I capped every tossup question at 7 lines and every bonus part at 2. There were a few questions that slipped under the cracks, but I was a real hard-ass about enforcing this. For one major and one minor reason, essentially: I've noticed in many questions, a lot of clues use really torturous, sometimes confusing, often unnecessary phrasings that could be instead replaced by something way simpler. I cut a lot of these phrasings to get questions within the limit, and I think the set was that much more readable for moderators because of that. The minor reason is that I thought that seven lines of clues was more aesthetically satisfactory to me specifically. I didn't mean this cap to be prescriptive for future writers/editors; I love clue-dense questions as much as anyone else. If you want to use 8 or 9 lines, then be my guest.
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Re: Tournament Discussion

Post by i never see pigeons in wheeling »

Tokyo Sex Whale wrote:Also, I take full responsibility for the falsifiability tossup, which had ambiguous clues and resulted in protests at many sites. I will post further about this question in a bit.
I should clarify that I was the one who wrote that tossup, and I didn't realize that the "swan" clue would be such a hose for induction. I did a bit more research, and I realized that even the previous clue about Hempel's Raven Paradox could also be construed as a clue for induction since the problem of induction and falsifiability as conceived by Karl Popper are so inextricably bound. I don't think saying "it's not induction" at the beginning of that line would necessarily solve the problem, either, since it would perhaps make it too transparent.
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Re: Tournament Discussion

Post by at your pleasure »

Could someone post the somewhat discussed tapestries question?
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Re: Tournament Discussion

Post by Chimango Caracara »

Kuandian Manchu Autonomous County wrote:Could someone post the somewhat discussed tapestries question?
UVA wrote:16. A piece of art in this medium contains the letters “A E,” representing Anne of Brittany’s motto “A ma vie,” emblazoning a central fountain surrounded by animals. In France, Beauvais and Gobelins were the main sites of their manufacture. John D. Rockefeller bought seven of them from the La Rochefoucauld family, illustrating the Hunt of the Unicorn. Pope Leo X commissioned Raphael to create a set of 10 designs for these works, including The Miraculous Draught of Fishes and The Sacrifice at Lystra, known as his (*) “cartoons.” A more famous one includes a depiction of Bishop Odo and shows an English king taking an arrow out of his eye. For 10 points, name these works of colorful threads woven together on a loom, such as the “Bayeux” one.
ANSWER: a tapestry
On an unrelated note, after playing the rest of the tournament's packets at practice, I was a lot happier overall with the set. A lot of the submitted packets had questions I liked.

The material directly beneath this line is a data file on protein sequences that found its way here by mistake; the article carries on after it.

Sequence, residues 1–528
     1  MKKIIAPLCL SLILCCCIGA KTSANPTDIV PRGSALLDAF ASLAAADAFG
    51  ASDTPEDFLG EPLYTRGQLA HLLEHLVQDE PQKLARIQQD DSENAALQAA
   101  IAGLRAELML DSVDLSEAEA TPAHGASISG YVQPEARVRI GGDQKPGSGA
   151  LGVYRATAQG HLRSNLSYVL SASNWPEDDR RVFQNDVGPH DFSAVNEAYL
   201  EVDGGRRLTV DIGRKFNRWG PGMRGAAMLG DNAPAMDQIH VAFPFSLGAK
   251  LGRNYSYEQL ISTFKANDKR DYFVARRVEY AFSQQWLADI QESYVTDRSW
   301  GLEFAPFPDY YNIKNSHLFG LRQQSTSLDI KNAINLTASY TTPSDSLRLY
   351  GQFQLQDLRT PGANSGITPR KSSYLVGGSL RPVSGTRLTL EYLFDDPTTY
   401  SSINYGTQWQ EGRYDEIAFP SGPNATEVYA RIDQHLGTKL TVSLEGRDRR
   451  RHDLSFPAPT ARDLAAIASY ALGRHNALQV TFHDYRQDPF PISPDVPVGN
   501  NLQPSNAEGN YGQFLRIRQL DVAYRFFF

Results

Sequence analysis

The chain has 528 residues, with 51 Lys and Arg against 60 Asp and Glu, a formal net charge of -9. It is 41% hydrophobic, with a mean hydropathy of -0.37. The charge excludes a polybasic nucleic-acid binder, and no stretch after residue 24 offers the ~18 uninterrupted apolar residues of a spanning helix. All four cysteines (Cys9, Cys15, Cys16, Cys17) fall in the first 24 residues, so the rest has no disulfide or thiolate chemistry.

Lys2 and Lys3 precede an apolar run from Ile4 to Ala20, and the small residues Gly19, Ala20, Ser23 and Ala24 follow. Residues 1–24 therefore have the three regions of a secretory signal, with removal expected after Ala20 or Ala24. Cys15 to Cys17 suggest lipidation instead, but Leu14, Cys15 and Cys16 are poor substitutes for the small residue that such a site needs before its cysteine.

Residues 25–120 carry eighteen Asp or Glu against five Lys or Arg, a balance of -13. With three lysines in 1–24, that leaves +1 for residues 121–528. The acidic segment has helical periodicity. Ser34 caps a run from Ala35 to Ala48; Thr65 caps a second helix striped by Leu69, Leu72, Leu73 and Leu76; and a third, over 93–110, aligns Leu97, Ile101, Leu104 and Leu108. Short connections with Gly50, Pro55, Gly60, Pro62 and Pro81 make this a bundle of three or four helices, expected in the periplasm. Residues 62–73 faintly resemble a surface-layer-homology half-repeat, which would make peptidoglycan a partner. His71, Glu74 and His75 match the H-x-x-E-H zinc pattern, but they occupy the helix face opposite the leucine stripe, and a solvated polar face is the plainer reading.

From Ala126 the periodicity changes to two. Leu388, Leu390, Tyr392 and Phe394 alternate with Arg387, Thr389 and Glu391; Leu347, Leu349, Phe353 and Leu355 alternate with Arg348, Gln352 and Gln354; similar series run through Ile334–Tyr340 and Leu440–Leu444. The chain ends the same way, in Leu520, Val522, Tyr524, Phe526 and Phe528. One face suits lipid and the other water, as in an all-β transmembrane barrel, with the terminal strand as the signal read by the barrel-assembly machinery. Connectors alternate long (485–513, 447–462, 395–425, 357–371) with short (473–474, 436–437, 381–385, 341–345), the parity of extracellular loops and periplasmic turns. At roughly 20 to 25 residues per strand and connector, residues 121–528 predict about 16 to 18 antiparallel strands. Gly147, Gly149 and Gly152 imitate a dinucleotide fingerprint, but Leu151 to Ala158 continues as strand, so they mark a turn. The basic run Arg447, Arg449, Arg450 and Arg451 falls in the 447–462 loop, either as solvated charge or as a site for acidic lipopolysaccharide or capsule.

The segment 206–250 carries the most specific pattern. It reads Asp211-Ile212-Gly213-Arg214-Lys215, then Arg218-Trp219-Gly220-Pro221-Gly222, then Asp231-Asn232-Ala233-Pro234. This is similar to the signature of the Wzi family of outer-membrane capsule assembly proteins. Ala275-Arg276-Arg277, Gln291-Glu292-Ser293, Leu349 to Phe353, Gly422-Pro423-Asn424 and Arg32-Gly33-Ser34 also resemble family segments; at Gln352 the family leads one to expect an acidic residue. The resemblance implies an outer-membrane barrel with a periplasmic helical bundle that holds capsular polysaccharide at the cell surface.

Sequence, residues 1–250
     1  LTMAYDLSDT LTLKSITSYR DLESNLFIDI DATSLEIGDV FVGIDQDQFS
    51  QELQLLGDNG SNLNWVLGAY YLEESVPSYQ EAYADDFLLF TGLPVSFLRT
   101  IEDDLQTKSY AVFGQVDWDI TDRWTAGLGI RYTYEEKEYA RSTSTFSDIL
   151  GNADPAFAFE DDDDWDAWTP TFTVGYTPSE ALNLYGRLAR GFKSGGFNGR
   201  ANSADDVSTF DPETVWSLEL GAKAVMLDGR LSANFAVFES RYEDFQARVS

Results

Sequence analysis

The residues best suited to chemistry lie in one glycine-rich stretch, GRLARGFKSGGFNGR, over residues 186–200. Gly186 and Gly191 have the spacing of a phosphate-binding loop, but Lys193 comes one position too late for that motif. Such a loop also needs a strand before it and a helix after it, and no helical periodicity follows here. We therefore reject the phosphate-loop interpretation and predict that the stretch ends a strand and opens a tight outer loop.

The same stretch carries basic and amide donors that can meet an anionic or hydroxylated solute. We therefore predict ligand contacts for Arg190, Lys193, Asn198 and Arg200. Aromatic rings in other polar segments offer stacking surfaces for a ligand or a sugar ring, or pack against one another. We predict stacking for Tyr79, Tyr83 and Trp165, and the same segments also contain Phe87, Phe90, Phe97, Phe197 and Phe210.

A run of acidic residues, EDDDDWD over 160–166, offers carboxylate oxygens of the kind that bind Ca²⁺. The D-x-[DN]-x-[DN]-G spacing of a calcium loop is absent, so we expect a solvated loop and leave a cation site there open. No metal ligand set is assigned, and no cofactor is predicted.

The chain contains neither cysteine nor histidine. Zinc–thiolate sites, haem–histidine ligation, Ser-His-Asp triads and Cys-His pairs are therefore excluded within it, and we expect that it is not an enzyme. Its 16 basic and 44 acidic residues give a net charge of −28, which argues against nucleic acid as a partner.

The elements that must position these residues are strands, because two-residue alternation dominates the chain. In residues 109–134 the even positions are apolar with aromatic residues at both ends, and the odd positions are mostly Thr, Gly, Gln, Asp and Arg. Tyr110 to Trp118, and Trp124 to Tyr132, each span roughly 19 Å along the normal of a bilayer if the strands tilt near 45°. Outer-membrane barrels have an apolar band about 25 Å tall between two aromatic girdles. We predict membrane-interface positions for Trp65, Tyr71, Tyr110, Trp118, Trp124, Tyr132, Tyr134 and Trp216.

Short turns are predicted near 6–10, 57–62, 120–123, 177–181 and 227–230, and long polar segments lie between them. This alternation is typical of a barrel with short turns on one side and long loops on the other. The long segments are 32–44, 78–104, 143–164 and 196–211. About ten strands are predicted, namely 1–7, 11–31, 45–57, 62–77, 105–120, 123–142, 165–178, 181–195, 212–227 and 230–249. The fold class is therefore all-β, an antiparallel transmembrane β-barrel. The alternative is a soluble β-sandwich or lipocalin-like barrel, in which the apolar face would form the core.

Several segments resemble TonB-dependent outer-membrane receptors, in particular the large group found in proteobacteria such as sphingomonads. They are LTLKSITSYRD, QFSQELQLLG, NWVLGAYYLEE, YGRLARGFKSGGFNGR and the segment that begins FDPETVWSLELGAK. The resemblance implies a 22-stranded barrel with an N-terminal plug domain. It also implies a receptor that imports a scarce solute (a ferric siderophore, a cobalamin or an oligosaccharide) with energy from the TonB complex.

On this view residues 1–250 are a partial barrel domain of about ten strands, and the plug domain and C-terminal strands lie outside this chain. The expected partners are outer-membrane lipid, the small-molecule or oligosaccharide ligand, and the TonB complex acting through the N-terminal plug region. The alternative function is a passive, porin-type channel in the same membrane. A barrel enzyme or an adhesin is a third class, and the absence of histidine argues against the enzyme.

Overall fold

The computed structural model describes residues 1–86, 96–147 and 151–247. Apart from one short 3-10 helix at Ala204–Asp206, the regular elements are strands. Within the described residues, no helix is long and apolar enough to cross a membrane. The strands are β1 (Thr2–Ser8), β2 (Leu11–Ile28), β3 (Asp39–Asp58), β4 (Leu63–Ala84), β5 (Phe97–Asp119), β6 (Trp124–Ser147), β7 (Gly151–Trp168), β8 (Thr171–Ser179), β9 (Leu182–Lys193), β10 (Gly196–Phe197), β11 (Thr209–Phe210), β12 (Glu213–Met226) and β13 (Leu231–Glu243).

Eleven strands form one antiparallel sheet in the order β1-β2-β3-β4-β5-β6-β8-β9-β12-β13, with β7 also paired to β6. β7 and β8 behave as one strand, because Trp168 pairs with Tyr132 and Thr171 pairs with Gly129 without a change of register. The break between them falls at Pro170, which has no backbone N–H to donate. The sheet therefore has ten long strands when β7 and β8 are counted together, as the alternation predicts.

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Re: Tournament Discussion

Post by Fond du lac operon »

The Ununtiable Twine wrote:I would also like to thank the editor of the math questions for writing properly structured math tossups with clues that we learn in class - I felt this was the most solid set of math tossups in quite some time.
As the guy who keeps saying "people should write better math tossups" (which Marshall Steinbaum may or may not have interpreted as "MATH ALL PACKET EVERY PACKET") I'll second this -- this tournament had genuinely important things for early clues in a lot of the math questions, and there were I believe only one or two instances of boring common-link tossups on words like "normal" or "simple" or whatever. So, yeah, if you want a model for how to write math, you could do a hell of a lot worse than this tournament.

I do think that maybe a few too many of the bonuses were "standard-issue quizbowl", as when my easyish-but-kind-of-interesting bonus part on birdsong in music got replaced by a part on "Pines of Rome" with totally predictable "Pines of Rome" clues. But this is a minor quibble (as is the "this one tossup on falsification sucked!" thread, honestly -- it did suck, but it's one tossup.) Overall, I really liked the tournament, and hope to see more excellent tournaments from the Berkeley and/or OSU folks in the future.
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Re: Tournament Discussion

Post by Mike Bentley »

This tournament was fun. I liked the modern world stuff for the most part and the science history. There were more clunkers than I would have liked (Empire State Building comes immediately to mind), but not enough to ruin the experience.
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Re: Tournament Discussion

Post by Unicolored Jay »

Fond du lac operon wrote:
I do think that maybe a few too many of the bonuses were "standard-issue quizbowl", as when my easyish-but-kind-of-interesting bonus part on birdsong in music got replaced by a part on "Pines of Rome" with totally predictable "Pines of Rome" clues. But this is a minor quibble (as is the "this one tossup on falsification sucked!" thread, honestly -- it did suck, but it's one tossup.) Overall, I really liked the tournament, and hope to see more excellent tournaments from the Berkeley and/or OSU folks in the future.
I had to change that bonus some because it was a repeat with a Messiaen tossup I wrote. Empire State Building is also my fault; I wasn't sure how it would play at all since I don't really have any knowledge about it. What exactly made it transparent/bad?
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Re: Tournament Discussion

Post by Sam »

Fond du lac operon wrote:I believe only one or two instances of boring common-link tossups on words like "normal" or "simple" or whatever. So, yeah, if you want a model for how to write math, you could do a hell of a lot worse than this tournament.
Answer lines like these allow the question to ask about math at different levels and equally importantly, in different subfields. The tossup on the totient function, for example, seemed pyramidal and had interesting clues, but if you don't know number theory you're not going to get it early regardless of however much other math you know. It goes without saying this isn't specific to math questions, although I think the reuse of many terms makes it work especially well there.